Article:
The Doniphan Neighborhood Assistance Program, Inc. (DNAP) is a 501(c)(3) Not-For-Profit Corporation formed in the late 1980's to take advantage of a State Public/Private Partnership legislation known as the Neighborhood Assistance Program. That program was designed to grant tax credits under state law to persons who made contributions to local public improvement projects. DNAP’s first project under that partnership was the demolition of the derelict buildings in the Doniphan Central Business District and the creation of the Heritage Park which increased parking and open public space in the middle of the central business district. It took over $200,000.00 in private donations subsidized with state tax credits to complete the project. A Park with Gazebo and Fountain surrounded by Wrought Iron Fencing is the venue for many community events, including Music in the Park, the Annual Christmas Parade and Santa Claus Visitation, and the Halloween Festival.
The success of the Heritage Park spurred DNAP’s next project under the Neighborhood Assistance Prograrm (NAP). With new tax credits and local donations of over $150,000.00, three buildings at the corner of Washington Street and the Courthouse Square were purchased, renovated and re-opened as the Current River Heritage Museum, the Doniphan Community Center and a rental space to help finance the upkeep of the Museum and Community Center.
The Museum provided several thousand square feet of exhibit space and offices for the Curator and Tourism Director. The Community Center provided an indoor space for public events, along with facilities for weddings, reunions, private parties, and business meetings.
Following the success of the Museum and Community Center project, and with state funding for the NAP shrinking, DNAP initiated one final project under the Neighborhood Assistance Program. Along with a donation of land by private parties and thousands of dollars in private contributions subsidized with state tax credits, a site was prepared next to the historic Doniphan Cemetery to create what became known as the Heritage Homestead at the corner of Charles and Franklin Street. An actual pioneer cabin, and a traditional rustic barn and a blacksmith shop were moved from different locations in rural Ripley County and re-assembled at the Heritage Homestead site to create a living history project that would provide public space and a tourism draw for downtown Doniphan.
Although the NAP state tax credits are no longer available, the projects financed with NAP funding are still owned, operated and maintained by DNAP. Due to the expense of the operation and maintenance of the Heritage Park, the Current River Heritage Museum, the Doniphan Community Center and the Heritage Homestead, the City government and DNAP conceived a plan to establish a dedicated tourism tax on hotel rooms at the three hotels in Doniphan which would be funneled under the provisions of state law to a Non-For-Profit Corporation to provide convention and visitor’s bureau services to the City. DNAP has served that purpose ever since and continues to use this funding source, along with private donations, to operate and maintain all of the assets acquired under the now expired NAP state tax credit program.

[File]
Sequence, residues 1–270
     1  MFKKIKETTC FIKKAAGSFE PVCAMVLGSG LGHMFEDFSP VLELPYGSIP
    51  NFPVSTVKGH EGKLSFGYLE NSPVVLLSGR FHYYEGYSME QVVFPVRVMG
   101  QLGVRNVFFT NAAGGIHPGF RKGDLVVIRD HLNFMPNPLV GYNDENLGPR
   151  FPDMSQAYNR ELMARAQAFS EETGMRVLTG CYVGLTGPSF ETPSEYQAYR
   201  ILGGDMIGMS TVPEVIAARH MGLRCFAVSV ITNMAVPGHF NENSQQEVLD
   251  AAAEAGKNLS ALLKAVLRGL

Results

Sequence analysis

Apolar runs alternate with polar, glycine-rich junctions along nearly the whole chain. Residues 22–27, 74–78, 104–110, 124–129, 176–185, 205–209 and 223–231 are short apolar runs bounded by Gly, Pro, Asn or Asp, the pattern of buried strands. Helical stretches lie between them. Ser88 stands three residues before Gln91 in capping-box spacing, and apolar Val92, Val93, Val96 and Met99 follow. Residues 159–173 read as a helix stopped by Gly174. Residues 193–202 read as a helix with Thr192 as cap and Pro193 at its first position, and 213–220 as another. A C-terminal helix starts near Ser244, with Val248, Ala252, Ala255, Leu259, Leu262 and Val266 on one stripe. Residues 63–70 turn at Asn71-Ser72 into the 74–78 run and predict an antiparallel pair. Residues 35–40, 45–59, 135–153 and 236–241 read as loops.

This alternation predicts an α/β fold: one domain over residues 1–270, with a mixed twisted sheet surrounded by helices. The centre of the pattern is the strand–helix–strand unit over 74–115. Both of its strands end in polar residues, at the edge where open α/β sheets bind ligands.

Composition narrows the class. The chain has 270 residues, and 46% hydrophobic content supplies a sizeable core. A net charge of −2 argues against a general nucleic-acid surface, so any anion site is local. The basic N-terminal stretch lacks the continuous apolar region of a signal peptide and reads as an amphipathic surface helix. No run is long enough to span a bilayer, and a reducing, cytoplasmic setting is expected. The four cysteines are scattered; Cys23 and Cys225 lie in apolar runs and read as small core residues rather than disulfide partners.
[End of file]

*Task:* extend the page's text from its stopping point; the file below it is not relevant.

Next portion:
The community facilities and programs operated and maintained by DNAP are, aside from the beautiful Current River itself, the primary tourism draws within the City. The Current River Heritage Museum has displays and programs that many cities ten times our size do not enjoy. It is open six days a week and is staffed with one paid Curator and Tourism Director and a number of volunteers who act as docents and maintain the gift shop at the front of the Museum.
A Visitor’s Bureau contains a host of publications, maps and brochures for tourists. The Community Center two doors down the street is also managed by the Museum staff who can reserve and schedule public and private events using the center. A block South of the Courthouse is the Heritage Homestead which is the site of the annual Heritage Days events and the location of the Tom Kennon Blacksmith Shop. The Blacksmith Shop is one of the few in Missouri which is open to the public every week on Saturday mornings where it provides demonstrations for visitors and residents alike and conducts periodic classes in the craft. In 2015 the final addition to the Homestead was a newly re-assembled one room “Plunk School” building which has been saved and moved to the site and is available for scheduling public and private events.
Christopher J. Miller - President
Christopher J. Miller is an attorney practicing law in Ripley County, Missouri, for over forty years, serving over twenty-two years as the part time Prosecuting Attorney. He has been on the DNAP Board of Directors for nearly twenty years and has served several terms as President. He is also a part time Blacksmith and supervises the Tom Kennon Blacksmith Shop living history activities at the Heritage Homestead.
Rickie Maples - Vice President
Julie Braschler - Secretary
Julie Braschler has family roots that go deep here in Ripley County even though she spent much of her formative years all over the place; we are glad to have her back. After several years volunteering and working with both the DNAP Board and the Historical Society she was retained to succeed Lynn Maples as our Tourism Director and Museum Curator in January, 2019.
Rebecca Wilcox - Treasurer
Rebecca Wilcox is the Library Director of the Doniphan-Ripley County Library District holding that position for the last seventeen years. She is also a Certified Public Accountant and has been DNAP Treasurer for over ten years.
Other Board Members: Barbara Brumitt, Michael Williams, Ray Joe Hastings, Dan Hill, Dennis Mohrmann, Cindy Jenks, Alice Shelton, Tami Hale, Matt Michel, Rick Yates, Ruth Burson, Kyle Pursley and Christy Hardin.